The charisma of the Rogationists is intelligence and zeal of the word of Jesus: “The harvest is plentiful but the labourers are few, therefore ask the Lord of the harvest to send out labourers into his harvest”
(Matthew 9:37, Luke 10:2).

The vocation and mission of the Rogationists is born from the human, spiritual and apostolic experience that Saint Annibale Maria Di Francia (1851-1927), under the guidance of the Holy Spirit, lived among the poor and little ones of Messina’s Avignone district. Recognised in the Church as the Apostle of Prayer for Vocations and Father of orphans and the poor, he was canonized by Pope John Paul II on 16 May 2004.

The mission of the Rogationists is:

  • to pray daily to ensure “good labourers in the Kingdom of God”;
  • propagate this spirit of prayer everywhere and promote vocations;
  • be good labourers in the Church, engaged in works of charity, education and sanctification of children and young people, especially the poor and abandoned, in evangelization and human promotion and in helping the poor.

“The harvest is plentiful but the workers are few, therefore ask the Lord of the harvest to send out labourers into his harvest”
(Matthew 9:37, Luke 10:2)

On Saturday, 5 February 2011, in a review of the rogationist passage (Luke 10:2) Pope Benedict XVI, in the homily for the ordination of five bishops said:
“The harvest is plentiful, but the labourers are few! Therefore pray to the Lord of the harvest to send out labourers into his harvest!” (Luke 10:2). These words from the Gospel of today’s Mass touches us very closely in this hour. It is the time of the mission: the Lord sends you, dear friends, into his harvest. You must cooperate in the position mentioned by the prophet Isaiah in the first reading: “The Lord hath anointed me to preach good tidings unto the meek, he hath sent me to bind up the broken-hearted” (Isaiah 61.1). This is the work for the harvest in the field of God, within human history: to bring people the light of truth, free them from the poverty of truth, which is the real sadness and man’s real poverty. Bring them the good news that is not only word, but event: God, Himself, came, to us. He takes us by the hand, draws us upwards toward himself, and so the broken heart is healed. We thank the Lord that he sends labourers into the harvest of world history. We thank him because he sends you, because you said yes, and because in this time you will again pronounce your “yes” to being labourers of the Lord for men.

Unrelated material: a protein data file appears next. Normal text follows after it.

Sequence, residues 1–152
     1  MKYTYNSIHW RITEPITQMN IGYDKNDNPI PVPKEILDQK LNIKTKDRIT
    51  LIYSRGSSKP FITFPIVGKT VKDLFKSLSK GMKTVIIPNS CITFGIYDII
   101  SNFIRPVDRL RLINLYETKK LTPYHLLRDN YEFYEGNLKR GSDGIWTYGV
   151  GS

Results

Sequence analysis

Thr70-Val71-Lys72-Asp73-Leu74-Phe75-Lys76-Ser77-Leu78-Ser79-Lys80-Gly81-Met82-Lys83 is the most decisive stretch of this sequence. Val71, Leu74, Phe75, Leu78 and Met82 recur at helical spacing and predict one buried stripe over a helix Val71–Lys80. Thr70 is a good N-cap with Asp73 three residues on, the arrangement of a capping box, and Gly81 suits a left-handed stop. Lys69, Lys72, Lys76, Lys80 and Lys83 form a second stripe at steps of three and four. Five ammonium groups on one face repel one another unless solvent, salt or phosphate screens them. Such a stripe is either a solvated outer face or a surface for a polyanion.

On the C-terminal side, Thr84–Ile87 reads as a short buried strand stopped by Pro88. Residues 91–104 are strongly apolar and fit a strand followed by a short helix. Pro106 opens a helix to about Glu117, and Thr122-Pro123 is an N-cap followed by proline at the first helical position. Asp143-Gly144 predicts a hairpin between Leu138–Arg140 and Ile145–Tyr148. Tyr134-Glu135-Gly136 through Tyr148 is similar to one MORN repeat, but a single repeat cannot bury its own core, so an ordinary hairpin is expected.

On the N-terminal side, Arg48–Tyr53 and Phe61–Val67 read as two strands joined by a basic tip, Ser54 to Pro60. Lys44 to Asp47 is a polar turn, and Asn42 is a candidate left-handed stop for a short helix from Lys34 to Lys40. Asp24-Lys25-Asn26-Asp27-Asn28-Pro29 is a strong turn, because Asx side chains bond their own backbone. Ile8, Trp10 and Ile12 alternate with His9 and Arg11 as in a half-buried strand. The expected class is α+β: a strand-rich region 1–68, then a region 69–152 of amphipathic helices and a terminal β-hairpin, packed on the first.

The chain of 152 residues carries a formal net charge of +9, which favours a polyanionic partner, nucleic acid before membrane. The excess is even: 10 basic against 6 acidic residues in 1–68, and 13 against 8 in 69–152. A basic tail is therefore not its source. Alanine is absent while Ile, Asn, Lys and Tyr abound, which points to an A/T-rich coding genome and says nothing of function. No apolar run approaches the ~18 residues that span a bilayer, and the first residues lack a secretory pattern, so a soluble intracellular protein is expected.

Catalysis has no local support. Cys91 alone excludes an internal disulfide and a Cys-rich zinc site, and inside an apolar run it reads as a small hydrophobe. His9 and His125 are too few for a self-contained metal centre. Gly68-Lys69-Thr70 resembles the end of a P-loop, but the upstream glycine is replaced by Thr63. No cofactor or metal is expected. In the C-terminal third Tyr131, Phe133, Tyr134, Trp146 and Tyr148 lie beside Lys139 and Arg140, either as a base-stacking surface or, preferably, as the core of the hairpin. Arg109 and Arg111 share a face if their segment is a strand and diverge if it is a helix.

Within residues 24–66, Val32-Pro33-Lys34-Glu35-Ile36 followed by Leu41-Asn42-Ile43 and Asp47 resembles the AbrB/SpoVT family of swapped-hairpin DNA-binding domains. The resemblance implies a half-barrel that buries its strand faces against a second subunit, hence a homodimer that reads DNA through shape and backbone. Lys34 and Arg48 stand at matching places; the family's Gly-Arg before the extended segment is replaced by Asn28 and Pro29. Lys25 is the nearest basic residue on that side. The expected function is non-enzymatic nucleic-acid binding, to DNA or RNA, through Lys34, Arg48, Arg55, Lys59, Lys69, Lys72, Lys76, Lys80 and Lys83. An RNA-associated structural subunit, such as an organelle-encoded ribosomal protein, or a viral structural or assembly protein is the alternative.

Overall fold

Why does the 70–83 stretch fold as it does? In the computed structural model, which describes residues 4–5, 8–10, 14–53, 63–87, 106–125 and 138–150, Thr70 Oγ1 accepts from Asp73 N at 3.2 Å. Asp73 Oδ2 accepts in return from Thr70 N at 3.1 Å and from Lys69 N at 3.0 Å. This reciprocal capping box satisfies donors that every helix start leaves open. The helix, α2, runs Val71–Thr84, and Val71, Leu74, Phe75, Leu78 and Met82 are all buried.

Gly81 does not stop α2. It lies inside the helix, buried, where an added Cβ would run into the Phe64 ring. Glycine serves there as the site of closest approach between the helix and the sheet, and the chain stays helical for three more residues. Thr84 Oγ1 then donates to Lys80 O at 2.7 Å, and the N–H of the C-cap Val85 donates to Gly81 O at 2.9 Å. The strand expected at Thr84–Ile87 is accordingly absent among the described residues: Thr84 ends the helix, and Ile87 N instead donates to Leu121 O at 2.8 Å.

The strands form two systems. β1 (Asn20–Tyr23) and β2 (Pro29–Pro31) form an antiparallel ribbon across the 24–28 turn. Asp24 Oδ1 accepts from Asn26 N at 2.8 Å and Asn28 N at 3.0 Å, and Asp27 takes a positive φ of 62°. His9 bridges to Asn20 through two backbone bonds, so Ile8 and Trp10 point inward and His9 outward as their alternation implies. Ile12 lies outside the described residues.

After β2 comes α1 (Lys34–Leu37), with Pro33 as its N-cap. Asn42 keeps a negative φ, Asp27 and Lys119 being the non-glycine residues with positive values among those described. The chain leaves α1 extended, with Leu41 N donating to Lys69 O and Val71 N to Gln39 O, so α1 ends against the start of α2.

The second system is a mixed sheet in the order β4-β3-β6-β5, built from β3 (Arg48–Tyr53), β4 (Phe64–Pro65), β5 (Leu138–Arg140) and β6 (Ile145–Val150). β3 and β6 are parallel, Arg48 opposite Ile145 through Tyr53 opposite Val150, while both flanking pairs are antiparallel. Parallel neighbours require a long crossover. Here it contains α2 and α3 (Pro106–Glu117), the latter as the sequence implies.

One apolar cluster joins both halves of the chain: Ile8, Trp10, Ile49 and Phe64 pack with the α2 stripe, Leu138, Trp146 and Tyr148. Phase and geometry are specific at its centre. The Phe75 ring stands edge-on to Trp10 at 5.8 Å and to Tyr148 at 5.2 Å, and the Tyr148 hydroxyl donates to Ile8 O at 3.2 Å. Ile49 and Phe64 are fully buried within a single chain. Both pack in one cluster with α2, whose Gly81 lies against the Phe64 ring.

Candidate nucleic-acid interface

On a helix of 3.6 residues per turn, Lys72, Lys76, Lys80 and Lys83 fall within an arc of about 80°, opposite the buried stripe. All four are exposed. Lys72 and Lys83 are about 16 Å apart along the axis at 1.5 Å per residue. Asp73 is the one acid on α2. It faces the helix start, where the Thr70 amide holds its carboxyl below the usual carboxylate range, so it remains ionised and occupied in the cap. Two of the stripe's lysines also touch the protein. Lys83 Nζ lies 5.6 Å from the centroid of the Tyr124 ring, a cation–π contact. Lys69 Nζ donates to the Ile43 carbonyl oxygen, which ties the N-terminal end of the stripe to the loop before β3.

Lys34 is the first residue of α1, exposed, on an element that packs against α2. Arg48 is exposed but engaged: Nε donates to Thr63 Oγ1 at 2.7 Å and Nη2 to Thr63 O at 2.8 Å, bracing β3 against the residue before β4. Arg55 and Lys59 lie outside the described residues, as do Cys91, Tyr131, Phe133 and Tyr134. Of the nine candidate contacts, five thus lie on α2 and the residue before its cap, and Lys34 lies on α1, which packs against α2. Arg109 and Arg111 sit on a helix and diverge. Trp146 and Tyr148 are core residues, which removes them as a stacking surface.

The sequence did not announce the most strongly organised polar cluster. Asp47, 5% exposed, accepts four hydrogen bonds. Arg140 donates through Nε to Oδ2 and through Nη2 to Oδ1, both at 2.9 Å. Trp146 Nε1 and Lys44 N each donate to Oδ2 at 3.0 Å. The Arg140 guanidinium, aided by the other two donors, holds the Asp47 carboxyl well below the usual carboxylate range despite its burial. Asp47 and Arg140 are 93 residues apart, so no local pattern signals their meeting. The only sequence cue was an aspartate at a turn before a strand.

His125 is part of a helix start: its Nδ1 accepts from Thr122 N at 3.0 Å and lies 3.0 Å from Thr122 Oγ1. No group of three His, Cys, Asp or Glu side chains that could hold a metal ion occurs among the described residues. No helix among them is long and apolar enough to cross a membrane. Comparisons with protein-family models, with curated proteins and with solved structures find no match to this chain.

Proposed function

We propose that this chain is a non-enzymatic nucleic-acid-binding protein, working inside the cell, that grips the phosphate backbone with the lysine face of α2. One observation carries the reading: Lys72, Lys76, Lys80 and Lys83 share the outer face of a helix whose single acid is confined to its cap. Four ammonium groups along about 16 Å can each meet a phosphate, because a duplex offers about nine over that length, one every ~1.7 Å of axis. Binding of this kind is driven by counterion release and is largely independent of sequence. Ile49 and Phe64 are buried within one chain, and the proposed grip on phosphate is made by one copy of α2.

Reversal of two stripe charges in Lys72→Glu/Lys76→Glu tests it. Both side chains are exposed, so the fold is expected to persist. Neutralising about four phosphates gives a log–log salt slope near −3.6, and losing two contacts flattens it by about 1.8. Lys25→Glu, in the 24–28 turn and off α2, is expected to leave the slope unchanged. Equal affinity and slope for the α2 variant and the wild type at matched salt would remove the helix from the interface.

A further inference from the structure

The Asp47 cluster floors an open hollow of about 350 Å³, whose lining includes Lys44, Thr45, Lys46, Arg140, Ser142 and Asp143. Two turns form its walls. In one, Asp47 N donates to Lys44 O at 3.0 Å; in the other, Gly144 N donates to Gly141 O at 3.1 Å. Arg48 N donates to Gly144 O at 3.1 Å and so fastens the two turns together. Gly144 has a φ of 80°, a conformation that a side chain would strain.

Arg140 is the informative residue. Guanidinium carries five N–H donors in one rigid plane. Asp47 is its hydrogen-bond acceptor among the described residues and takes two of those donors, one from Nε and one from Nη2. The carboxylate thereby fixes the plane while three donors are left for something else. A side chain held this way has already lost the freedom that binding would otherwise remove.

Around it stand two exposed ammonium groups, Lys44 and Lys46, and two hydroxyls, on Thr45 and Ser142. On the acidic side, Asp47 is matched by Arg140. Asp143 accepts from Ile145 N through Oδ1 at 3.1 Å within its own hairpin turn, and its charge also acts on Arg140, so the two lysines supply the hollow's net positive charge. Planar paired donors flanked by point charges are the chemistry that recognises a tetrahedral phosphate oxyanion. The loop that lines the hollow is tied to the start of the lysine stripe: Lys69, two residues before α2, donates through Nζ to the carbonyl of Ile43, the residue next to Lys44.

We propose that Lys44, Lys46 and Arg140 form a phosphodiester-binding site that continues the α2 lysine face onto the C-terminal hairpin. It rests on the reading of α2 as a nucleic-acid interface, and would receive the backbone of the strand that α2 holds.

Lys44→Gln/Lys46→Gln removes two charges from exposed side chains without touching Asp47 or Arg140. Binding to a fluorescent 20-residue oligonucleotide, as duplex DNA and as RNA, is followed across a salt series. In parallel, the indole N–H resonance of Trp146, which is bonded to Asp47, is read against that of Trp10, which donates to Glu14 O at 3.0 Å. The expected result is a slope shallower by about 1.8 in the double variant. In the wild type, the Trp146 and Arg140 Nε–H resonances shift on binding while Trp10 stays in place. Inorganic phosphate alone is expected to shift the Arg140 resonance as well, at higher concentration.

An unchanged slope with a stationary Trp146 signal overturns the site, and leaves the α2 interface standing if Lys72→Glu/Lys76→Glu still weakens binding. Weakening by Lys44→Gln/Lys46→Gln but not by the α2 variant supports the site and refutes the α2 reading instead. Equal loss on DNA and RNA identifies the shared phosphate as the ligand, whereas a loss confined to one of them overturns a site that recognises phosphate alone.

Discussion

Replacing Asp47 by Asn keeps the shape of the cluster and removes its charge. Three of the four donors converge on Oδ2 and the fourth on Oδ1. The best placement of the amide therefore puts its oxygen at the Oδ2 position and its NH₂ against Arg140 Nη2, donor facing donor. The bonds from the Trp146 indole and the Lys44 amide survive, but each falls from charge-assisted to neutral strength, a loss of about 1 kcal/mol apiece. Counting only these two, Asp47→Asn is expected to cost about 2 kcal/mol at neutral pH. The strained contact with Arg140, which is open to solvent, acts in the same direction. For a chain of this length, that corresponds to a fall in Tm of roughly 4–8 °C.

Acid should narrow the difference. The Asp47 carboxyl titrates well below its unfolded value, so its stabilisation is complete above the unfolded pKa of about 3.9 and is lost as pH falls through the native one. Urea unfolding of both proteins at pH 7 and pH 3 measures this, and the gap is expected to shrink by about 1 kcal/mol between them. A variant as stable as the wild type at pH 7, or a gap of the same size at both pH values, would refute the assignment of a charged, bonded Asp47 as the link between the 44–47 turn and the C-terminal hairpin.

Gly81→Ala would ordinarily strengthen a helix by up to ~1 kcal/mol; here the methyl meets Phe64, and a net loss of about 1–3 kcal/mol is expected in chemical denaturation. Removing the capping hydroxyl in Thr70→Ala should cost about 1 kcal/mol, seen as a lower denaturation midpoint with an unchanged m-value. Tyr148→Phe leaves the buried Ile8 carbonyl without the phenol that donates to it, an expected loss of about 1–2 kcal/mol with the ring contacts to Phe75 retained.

“The harvest is great” – also today, exactly today. While it may seem that large parts of the modern world, the people of today, turn their backs on God and consider faith a thing of the past – but there is the longing for justice, love, peace, that poverty and suffering are overcome, that men find joy. All this yearning is present in today’s world, the yearning for what is great, toward what is good. It is the longing of the Redeemer, God himself, even where he is denied. Precisely in this work in God’s field it is particularly urgent, and just at this hour we feel so particularly painfully the truth of Jesus’ words: “There are few labourers.” At the same time the Lord lets us understand that we cannot simply be on our own to send workers to his harvest; it is not a question of management, of our own organisational capacity. The workers for the field of his harvest can only be sent by God himself. But He wants to send them through the door of our prayer. We can cooperate for the coming of the labourers, but we can only do so by cooperating with God. So this time of thanksgiving for the accomplishment of being sent into mission is, in particular, also the hour of prayer: Lord, send labourers into your harvest! Open your hearts to your call! Do not let our prayer be in vain!